Molecular phenotype of breast cancer according to time since last pregnancy in a large cohort of young women

Laura C. Collins, Shari Gelber, Jonathan D. Marotti, Sarah White, Kathryn Ruddy, Elena F. Brachtel, Lidia Schapira, Steven E. Come, Virginia F. Borges, Pepper Schedin, Ellen Warner, Taylor Wensley, Rulla M. Tamimi, Eric P. Winer, Ann H. Partridge

Research output: Contribution to journalArticlepeer-review

10 Scopus citations


Background. The increase in breast cancer risk during pregnancy and postpartum is well known; however, the molecular phenotype of breast cancers occurring shortly after pregnancy has not been well studied. Given this, we investigated whether nulliparity and the time interval since pregnancy among parous women affects the breast cancer phenotype in young women. Materials and Methods.We examined molecular phenotype in relation to time since pregnancy in a prospective cohort of 707 young women (aged #40 years) with breast cancer. Parity wasascertained fromstudyquestionnaires. Usingtumor histologic grade on central review and biomarker expression, cancers were categorized as luminal A- or B-like, HER2 enriched, and triple negative. Results. Overall, 32% were luminal A-like, 41% were luminal B-like, 9% were HER2 enriched, and 18% were triple negative. Although, numerically, patients diagnosed .5 years after pregnancy had more luminal A-like subtypes thanwomenwith shorter intervals since pregnancy, there was no evidence of a relationship between these intervals and molecular subtypes once family history of breast cancer and age at diagnosis were considered. Conclusion. Distribution of breast cancer molecular phenotype did not differ significantly among young women by parity or time interval since parturition when important predictors of tumor phenotype such as age and family history were considered.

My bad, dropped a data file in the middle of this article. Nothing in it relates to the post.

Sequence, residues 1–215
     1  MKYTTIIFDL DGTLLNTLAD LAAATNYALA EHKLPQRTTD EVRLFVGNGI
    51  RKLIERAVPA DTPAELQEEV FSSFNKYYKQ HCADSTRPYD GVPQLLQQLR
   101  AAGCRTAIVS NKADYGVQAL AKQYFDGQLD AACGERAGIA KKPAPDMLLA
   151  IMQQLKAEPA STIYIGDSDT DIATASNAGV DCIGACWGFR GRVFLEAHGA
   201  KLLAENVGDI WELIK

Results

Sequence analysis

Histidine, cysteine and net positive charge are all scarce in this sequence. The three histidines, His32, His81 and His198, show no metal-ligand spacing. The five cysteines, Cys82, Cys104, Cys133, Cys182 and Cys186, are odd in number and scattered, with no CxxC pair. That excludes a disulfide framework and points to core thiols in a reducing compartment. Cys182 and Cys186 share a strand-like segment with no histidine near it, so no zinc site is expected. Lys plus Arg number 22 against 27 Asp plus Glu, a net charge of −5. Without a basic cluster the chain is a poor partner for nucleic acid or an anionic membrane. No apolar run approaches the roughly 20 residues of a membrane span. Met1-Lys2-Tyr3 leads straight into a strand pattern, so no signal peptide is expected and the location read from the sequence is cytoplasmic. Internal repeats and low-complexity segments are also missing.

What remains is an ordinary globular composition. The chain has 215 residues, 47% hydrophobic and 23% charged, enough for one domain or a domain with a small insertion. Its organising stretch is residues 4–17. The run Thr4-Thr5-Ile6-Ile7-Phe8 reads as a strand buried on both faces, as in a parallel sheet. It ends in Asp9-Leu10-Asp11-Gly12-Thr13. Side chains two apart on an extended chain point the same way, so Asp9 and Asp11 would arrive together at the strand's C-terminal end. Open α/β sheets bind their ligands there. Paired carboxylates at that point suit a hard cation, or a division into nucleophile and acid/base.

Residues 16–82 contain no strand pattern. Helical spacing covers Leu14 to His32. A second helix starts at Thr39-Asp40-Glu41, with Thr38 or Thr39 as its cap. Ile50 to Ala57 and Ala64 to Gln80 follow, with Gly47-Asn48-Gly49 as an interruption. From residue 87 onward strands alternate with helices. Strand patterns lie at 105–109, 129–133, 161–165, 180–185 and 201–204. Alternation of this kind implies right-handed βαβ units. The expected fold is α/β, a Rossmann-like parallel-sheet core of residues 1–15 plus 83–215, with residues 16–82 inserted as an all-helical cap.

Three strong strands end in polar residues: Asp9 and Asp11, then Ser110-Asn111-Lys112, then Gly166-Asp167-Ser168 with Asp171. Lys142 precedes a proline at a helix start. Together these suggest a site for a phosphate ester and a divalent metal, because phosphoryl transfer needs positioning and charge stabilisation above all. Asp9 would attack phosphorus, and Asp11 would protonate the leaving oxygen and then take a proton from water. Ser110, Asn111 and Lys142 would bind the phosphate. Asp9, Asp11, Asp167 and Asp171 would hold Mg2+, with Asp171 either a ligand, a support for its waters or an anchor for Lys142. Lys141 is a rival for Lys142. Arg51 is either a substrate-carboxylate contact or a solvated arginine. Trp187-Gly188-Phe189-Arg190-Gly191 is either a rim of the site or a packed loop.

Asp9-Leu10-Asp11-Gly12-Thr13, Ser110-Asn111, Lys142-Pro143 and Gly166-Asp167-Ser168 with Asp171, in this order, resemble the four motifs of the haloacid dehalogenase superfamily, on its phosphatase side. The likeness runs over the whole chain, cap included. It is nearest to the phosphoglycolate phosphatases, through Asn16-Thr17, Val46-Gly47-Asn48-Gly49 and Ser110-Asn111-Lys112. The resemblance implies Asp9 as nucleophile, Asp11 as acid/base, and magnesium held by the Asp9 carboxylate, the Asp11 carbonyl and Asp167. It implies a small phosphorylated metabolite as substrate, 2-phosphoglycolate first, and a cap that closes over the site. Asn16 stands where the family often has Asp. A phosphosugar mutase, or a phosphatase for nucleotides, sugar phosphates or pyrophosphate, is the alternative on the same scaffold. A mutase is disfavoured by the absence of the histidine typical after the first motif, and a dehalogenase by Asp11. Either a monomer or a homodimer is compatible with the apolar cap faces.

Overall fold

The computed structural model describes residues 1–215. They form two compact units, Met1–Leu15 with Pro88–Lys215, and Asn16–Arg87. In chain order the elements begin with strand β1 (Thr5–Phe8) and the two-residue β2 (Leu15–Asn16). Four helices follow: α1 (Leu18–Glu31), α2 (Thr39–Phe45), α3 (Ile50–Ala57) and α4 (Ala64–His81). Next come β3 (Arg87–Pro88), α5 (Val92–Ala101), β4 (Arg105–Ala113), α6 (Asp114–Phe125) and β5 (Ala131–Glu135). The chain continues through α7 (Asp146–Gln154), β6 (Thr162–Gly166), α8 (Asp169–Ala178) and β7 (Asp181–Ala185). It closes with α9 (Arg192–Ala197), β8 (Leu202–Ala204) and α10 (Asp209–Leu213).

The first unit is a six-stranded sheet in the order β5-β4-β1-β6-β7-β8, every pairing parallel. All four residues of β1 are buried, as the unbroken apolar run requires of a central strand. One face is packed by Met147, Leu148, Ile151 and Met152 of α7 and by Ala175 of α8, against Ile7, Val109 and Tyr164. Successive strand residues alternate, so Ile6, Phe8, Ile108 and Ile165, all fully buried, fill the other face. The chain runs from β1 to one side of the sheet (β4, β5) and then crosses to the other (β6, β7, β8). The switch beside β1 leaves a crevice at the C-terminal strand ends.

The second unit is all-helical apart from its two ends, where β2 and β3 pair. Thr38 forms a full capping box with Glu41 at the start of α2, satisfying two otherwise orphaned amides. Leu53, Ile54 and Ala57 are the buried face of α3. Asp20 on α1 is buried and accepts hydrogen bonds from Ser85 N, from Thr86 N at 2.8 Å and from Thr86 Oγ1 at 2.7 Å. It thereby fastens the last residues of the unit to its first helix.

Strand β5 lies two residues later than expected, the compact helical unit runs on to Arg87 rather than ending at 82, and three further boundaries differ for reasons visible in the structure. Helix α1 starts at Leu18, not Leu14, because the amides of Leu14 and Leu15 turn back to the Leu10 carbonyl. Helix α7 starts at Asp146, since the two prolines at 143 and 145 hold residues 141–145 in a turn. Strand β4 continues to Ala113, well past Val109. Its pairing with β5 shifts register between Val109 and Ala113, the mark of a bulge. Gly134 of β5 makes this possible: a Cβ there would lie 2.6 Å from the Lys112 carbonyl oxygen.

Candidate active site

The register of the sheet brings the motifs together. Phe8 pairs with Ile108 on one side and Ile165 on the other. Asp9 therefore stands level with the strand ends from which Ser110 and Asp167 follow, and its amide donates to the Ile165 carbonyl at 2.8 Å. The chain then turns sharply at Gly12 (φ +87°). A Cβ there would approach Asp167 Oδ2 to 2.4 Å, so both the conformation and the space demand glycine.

Original languageEnglish (US)
Pages (from-to)713-718
Number of pages6
Issue number7
StatePublished - May 29 2015


  • Breast cancer
  • Molecular phenotypes
  • Pregnancy-associated breast cancer
  • Young women

ASJC Scopus subject areas

  • Medicine(all)


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